“Those wilful criminal acts dangerous to human life, committed primarily within the US, that appear to be intended to intimidate or coerce a civilian population, or to influence a government policy by intimidation or coercion, or to affect the conduct of a government by mass destruction, assassination or kidnapping.”
The Terrorism Act of 2000 of the United Kingdom says:
“Terrorism means the use or threat of action where
(a) the use or threat is designed to influence the government or intimidate the public or a section of the public, and
(b) the use or threat is made for the purpose of advancing a political, religious or ideological cause.
The same Act provides that an action falls within this definition of terrorism if it:
(a) involves serious violence against a person,
(b) involves serious damage to property, and
(c) endangers a person’s life other than that of the person committing the action.
What was wrong with the alleged comments from some analysts and intellectuals in Bulawayo is their implying that we think of region, political party, faction or even tribe before we confront and condemn an act of terror for what it is.
The Constitution does not call upon us first to think of party, region, tribe or faction and then decide whether or not to recognise the other person’s right to life and other rights and privileges under law.
The alleged existence of factions in ZANU-PF cannot justify looking the other way from an act of terror.
Even if the people hurt at White City Stadium were foreigners, our laws and international law would still bind us to protect and defend them first and foremost and to condemn acts of terror against them.
Apart from the framework of international and national laws against terrorism, there is also the framework of national interest and national objectives as articulated in our Constitution.
The strategy of labelling national leaders as faction leaders in order to dismiss the common interests, programmes and values they stand for is a well-tried strategy of the enemy of the people.
First, the focus shifts from policies and objectives to persons or small groups of persons.
Second, the persons or groups come to be seen as fighting or disagreeing with others for the purpose merely of winning power or stopping the other party for personal or factional reasons unrelated to national goals or interests, since the interests are not identified or analysed.
Third, once the readers and viewers of the various faction-mongering media accept the presumed reality of the ‘factions’, the bases of alleged disagreement or conflict cease to make news, so that if they are found in the same room or if they just shake hands or call each other on the phone, these events become the real news, not the national objectives, not the national interests at stake, and not the common interests of all the people.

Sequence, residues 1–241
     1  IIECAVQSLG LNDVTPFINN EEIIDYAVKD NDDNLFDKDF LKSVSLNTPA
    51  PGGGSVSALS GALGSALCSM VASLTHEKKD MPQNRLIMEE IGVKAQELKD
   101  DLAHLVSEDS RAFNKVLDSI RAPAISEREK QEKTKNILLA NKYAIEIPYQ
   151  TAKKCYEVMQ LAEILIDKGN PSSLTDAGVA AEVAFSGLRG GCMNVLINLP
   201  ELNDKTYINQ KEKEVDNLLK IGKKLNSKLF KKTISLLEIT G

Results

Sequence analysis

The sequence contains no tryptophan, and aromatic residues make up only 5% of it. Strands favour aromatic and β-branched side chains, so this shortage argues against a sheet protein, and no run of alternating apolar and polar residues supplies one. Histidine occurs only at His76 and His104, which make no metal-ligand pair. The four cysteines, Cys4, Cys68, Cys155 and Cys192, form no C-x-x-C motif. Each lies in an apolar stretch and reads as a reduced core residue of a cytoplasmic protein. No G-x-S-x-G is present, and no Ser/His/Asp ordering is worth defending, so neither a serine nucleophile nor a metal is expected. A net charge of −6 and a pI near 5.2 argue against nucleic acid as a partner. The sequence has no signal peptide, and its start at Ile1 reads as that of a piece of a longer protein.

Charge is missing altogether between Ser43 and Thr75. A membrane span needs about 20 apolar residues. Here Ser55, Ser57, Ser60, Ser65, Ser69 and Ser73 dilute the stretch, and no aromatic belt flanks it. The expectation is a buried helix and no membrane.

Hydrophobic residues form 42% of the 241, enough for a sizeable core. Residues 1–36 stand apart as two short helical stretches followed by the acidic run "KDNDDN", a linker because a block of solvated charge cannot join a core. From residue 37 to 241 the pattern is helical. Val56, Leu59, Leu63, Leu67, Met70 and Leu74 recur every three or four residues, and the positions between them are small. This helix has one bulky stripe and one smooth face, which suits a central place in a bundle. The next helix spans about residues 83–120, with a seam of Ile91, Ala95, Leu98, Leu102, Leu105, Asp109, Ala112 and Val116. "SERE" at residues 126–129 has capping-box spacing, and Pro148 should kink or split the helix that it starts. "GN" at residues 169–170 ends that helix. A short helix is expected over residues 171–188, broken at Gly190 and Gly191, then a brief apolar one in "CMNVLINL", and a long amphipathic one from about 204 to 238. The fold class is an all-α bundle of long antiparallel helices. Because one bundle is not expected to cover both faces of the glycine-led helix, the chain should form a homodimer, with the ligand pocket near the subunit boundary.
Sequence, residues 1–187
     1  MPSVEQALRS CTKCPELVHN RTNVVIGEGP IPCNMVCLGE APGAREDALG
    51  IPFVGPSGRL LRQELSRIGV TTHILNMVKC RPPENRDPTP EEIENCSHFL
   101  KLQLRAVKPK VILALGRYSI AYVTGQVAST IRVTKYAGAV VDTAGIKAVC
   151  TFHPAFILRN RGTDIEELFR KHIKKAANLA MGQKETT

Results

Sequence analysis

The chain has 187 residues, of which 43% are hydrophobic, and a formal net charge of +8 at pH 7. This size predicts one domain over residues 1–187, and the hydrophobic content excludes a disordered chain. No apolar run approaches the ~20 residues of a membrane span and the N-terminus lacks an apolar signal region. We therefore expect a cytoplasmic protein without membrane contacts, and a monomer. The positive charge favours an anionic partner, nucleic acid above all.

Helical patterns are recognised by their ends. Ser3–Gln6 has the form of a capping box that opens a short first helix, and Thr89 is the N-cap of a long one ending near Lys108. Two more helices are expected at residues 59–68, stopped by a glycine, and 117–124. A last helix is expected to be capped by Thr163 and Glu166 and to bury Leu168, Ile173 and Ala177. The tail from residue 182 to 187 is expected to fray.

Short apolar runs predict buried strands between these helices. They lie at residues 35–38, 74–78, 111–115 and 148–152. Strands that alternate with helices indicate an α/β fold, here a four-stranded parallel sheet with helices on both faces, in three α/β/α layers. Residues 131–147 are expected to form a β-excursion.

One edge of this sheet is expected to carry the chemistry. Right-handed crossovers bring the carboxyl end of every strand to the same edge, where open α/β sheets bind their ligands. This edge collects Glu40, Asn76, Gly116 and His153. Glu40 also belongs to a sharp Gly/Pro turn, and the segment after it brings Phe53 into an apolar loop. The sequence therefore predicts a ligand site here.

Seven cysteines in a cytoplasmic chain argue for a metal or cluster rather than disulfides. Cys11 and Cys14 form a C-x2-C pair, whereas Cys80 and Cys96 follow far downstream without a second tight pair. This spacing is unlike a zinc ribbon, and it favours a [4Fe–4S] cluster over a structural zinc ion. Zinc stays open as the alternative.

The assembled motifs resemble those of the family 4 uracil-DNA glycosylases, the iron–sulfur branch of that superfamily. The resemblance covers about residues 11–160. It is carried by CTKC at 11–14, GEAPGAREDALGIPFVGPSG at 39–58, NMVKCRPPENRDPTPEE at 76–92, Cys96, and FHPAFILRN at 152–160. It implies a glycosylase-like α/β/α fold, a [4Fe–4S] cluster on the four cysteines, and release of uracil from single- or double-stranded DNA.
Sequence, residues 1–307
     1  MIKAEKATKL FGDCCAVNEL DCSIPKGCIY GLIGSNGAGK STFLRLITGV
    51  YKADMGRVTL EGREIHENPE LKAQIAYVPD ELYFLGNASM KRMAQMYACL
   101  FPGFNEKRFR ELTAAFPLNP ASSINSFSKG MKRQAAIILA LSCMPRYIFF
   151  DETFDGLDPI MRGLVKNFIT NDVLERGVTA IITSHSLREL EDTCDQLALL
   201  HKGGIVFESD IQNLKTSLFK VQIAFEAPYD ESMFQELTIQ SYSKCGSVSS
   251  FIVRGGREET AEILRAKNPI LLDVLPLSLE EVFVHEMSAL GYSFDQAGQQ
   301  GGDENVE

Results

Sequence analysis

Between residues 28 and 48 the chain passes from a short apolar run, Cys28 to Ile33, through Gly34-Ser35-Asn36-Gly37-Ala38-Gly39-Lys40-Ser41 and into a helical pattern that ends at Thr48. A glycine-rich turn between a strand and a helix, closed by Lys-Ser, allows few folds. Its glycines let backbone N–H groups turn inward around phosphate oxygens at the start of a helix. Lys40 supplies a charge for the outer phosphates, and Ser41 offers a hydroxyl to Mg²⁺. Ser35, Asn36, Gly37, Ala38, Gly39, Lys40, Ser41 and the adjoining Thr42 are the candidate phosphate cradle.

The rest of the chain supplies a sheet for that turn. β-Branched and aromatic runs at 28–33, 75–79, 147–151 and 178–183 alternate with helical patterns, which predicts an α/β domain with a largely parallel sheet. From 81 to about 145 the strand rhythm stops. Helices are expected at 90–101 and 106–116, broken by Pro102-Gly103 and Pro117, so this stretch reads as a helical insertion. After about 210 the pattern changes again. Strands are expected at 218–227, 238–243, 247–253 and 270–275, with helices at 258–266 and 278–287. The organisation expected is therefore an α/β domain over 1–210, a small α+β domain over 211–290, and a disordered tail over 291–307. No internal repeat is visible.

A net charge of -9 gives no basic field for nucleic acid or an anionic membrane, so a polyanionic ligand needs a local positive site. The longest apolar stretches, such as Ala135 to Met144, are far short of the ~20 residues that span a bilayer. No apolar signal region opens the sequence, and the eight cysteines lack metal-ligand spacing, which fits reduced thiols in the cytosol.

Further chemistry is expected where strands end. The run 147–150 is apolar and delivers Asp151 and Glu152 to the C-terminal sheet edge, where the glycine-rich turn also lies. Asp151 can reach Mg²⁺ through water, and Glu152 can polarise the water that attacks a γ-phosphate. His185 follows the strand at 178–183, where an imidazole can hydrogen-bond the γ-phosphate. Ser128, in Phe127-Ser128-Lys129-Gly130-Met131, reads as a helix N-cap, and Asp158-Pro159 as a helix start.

In this way, a whole agenda or even a movement of critical historical importance may be dismantled or even destroyed.
Fourth, the displacement or destruction of the common interests or objectives is achieved by fomenting and intensifying so-called ‘factional conflict’ with the emphasis now placed on jealousies, grudges, envy and even hatred rather than on collective national objectives.
Fifth, once the faction-mongers succeed in fomenting jealousies, envy and hatred, the enemies of the same people may create and deploy intermediaries whose only ‘achievement’ will be to get the so-called ‘factions’ or ‘sides’ just to meet, to be photographed in the same room or to be seen shaking hands, far away from their original common objectives which caused them to organise in the first place.
The Sunnis and Shiites of Iraq who lived together for millennia are presented as being brought together by the racist British and their North American cousins in the post-invasion Iraq.
Former British Prime Minister Tony Blair applied to be appointed Special Middle East Envoy, supposedly in order to bring together peoples whom the British and the North Americans have been busy dividing and arming against one another since the First World War.
In short, the effect of dismissing what happened at White City Stadium (the way those commentators did) is to obscure or denigrate the values and interests at stake; the values and interests which the President and his team stand for, the programmes for which or against which people will vote on July 30 2018.